The Mindless Munch
Stress is natural and a very helpful evolutionary reaction all members of the animal kingdom have.
I hope to bring awareness to the relationship between stress and your body in hopes of you understanding the importance of cultivating a less stressed life for both mental and physical wellbeing!
The body does not differentiate between the nerves of public speaking and a grizzly bear chasing you; both induce activation of the nervous system and depending on the intensity of activation your mind may interpret it as a life-threatening situation, whether it is or is not. However, there’s a real difference between the situation where you might die and need the adrenaline kick versus one where you can use tools to calm your nerves and deliver a great speech!
The stress response is hardwired into us and supposed to only occur for a brief period of time in reaction to life’s threats, yet many people experience chronic stress or past traumatic experiences that continue to keep them on high alert. By staying in this heightened state the body produces unending stress hormones that are wearing on the body and ultimately leads to a weakened immune system. The body is very interconnected so if all it’s resources are constantly being zapped by chronic stress reactions many other health issues can arise, such as stomach issues, mood issues, aches in joints or muscles, sleep issues, irregular menstrual cycles, and one I focus on in this article is disrupted hunger cues.
People have different reactions to stressors, meaning what is stressful for me may not bother my neighbor, this is called perceived stress. It’s important not to compare your experience with others because we all come from unique backgrounds and perceive stressors differently. I know myself and friends can say we have turned to food as a way to procrastinate studying and have mindlessly munched on snacks to then realize the whole peanut butter jar is gone! Turning to food is a common coping mechanism because you can enter a moment of pleasure among the overall unpleasant stressful state.
*the infamous Smucker's Crunchy Peanut Butter*
The relationship between food and you changes depending on your level of perceived stress and the duration. Personally I have only experienced short-term, acute stress, which has been shown to increase your desire to eat even when not hungry. Yet, chronic stress can overtime change your food preferences making you desire high-calorie foods and lead to excess caloric consumption. Comfort food that acts as a reward can release dopamine and reinforce neural pathways that develop a stronger response to this “highly rewarding” food. Due to this natural reward response, stress is a major contributor towards obesity. It makes sense that the United States has a rising obesity issue in an overstimulated society where sugary and processed food is found on every street corner! On the other hand, others may experience stress and have adversity to food. They may not feel hungry or feel sick thinking of food. I find this variable relationship between stress and food fascinating!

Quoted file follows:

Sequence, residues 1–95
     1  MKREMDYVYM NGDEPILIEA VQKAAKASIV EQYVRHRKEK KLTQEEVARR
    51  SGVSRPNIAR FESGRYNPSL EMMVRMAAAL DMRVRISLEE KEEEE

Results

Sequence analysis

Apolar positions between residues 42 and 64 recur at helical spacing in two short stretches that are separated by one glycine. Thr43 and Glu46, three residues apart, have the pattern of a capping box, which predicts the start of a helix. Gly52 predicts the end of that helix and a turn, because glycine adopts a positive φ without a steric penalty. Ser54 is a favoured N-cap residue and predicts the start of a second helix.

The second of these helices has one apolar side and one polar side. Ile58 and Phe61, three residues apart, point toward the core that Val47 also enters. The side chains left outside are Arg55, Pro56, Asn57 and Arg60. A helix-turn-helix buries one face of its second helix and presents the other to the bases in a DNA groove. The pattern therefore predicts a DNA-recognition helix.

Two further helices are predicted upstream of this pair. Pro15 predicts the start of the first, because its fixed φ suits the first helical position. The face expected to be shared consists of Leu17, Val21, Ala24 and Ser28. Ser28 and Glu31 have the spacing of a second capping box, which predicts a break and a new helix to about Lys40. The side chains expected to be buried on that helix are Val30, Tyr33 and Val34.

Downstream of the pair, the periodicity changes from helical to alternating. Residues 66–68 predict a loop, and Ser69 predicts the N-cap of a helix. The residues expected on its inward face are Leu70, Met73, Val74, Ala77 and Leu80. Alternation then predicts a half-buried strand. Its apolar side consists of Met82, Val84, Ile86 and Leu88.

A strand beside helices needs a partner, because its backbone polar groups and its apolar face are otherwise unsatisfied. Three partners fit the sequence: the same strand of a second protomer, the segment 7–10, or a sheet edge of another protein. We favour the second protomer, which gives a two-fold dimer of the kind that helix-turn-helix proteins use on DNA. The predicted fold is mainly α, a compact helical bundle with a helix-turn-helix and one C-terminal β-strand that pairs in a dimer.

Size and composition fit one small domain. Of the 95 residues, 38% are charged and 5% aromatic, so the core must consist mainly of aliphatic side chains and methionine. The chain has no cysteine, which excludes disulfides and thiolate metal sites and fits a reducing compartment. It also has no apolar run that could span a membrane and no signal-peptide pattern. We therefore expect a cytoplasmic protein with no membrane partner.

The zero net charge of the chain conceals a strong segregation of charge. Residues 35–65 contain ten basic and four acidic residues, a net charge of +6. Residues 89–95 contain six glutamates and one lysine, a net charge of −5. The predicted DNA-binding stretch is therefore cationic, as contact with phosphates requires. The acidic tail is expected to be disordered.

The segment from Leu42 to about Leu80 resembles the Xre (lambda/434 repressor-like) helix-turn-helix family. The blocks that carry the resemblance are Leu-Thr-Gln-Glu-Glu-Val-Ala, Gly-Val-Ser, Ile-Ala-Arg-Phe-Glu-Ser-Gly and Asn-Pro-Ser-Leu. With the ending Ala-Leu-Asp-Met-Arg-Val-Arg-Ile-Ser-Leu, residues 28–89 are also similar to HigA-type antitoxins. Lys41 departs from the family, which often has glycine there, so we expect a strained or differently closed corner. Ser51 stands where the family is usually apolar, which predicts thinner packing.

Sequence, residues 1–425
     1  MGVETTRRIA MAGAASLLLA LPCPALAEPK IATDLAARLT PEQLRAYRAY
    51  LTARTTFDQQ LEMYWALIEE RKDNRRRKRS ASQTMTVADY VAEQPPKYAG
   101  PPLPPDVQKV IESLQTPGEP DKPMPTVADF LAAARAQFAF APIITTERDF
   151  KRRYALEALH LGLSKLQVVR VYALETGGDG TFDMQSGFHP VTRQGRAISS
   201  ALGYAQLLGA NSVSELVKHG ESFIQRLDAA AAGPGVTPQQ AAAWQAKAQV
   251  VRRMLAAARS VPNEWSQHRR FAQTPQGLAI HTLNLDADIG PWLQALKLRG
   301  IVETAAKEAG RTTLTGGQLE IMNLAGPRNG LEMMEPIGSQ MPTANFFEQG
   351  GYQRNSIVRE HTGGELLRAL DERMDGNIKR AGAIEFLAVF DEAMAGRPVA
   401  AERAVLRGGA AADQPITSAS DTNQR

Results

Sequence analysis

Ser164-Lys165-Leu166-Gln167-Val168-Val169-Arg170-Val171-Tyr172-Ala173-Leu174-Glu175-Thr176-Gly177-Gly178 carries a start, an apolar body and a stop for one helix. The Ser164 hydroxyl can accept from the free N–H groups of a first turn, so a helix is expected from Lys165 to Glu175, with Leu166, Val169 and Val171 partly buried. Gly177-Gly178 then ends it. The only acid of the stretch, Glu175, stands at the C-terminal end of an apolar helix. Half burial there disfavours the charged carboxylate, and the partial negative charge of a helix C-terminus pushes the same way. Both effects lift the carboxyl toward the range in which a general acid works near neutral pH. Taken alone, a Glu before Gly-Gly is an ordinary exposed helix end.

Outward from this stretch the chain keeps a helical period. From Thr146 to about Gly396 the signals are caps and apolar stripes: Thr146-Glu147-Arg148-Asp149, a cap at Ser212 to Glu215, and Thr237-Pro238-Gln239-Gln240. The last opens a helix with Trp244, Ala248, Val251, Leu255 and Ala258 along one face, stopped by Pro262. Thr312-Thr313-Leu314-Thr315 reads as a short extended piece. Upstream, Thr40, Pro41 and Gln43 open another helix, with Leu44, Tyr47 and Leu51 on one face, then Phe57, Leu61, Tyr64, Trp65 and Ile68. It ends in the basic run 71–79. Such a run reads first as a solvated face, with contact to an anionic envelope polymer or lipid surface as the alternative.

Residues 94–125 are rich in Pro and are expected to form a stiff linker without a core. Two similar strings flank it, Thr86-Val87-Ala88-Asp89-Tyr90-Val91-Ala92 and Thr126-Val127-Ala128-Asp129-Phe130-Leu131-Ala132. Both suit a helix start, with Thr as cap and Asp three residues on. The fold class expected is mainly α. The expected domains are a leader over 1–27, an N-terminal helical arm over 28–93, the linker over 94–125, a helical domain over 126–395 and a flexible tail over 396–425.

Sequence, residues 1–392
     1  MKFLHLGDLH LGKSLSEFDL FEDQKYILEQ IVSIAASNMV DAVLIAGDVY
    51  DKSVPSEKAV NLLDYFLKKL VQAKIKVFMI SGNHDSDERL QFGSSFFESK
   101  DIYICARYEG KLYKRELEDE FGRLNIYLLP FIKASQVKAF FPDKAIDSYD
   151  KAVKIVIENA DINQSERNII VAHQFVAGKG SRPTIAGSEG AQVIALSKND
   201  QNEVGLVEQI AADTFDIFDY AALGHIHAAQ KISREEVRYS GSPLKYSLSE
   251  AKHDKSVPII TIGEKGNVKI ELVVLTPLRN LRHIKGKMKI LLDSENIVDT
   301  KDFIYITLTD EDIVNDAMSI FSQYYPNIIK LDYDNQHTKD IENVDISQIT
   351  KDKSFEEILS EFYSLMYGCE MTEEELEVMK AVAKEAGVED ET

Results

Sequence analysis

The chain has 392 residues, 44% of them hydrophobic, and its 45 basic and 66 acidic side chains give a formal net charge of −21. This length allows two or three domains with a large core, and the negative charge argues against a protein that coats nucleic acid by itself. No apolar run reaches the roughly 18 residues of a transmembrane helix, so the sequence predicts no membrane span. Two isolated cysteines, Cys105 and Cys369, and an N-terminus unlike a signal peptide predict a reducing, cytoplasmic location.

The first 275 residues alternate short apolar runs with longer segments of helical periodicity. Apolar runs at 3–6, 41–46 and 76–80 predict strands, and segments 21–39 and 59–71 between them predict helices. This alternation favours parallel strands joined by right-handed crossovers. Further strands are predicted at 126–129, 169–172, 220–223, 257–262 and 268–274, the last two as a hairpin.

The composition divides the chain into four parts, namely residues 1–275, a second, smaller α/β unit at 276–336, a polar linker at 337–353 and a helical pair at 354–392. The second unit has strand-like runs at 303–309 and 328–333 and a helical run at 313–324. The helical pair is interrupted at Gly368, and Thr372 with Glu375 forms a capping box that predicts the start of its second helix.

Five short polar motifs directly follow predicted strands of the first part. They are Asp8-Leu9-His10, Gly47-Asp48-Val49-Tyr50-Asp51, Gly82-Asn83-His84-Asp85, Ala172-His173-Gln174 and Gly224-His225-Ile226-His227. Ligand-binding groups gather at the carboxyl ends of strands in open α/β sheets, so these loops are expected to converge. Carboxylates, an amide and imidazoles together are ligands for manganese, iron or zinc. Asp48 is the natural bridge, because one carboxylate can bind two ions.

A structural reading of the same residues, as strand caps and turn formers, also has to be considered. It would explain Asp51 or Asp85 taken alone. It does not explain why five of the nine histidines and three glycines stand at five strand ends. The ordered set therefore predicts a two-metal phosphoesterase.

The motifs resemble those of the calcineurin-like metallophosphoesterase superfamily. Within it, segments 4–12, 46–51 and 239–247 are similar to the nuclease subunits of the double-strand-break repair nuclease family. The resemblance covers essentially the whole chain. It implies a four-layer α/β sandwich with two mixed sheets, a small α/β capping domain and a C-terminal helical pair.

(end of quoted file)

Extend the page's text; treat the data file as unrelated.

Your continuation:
I wanted to bring awareness to this topic and introduce ways to help you mindfully eat rather than mindlessly munch! First and foremost practice non-judgment for any stress induced eating patterns, as we are all on our own journey to figure out what works for us and how to manage life in the here and now! Bringing mindfulness to eating, meaning non-judgmental momentary awareness, has been shown to increase enjoyment and decrease stress! Every day, every meal, every moment there's a chance to start incorporating more mindfulness for a less stressful life.
5-Minute Mindful Munch Practice:
Make a conscious decision to snack mindfully. Put your work or studies aside, turn off the tv or computer so you can give full attention to your snack or meal. Start by smelling the food, take time to look at it and place it in your mouth, taste it before you start chewing. Slowly chewing and tasting, savoring all the flavor before you swallow it and then linger with the remaining flavor. Take a pause and even a few conscious breaths before repeating the mindful munch sequence until you feel a sense of satisfaction and then pause again to savor the feeling, the sensation, and the emotion.
Stress Reduction Activities and Practices
Meditation & Deep Belly Breathing
Yoga or Simple Stretching
Body Scan Practice
Loving-Kindness or Self-Compassion Practice
Organize Your Space to Be Clutter-Free & Peaceful
Focus On One Task At A Time
Write An Achievable To-Do List
These practices can help you establish a less stressful life, but if you find yourself struggling with unrelenting stress and stress reaction cycles don't hesitate to seek professional help with a psychologist or registered dietician because you can change stress reaction patterns! If you are simply struggling with motivation or follow-through, find a class or a Health Coach (hit me up in September) to support making these changes.
"Live Dirty, Eat Clean & Green",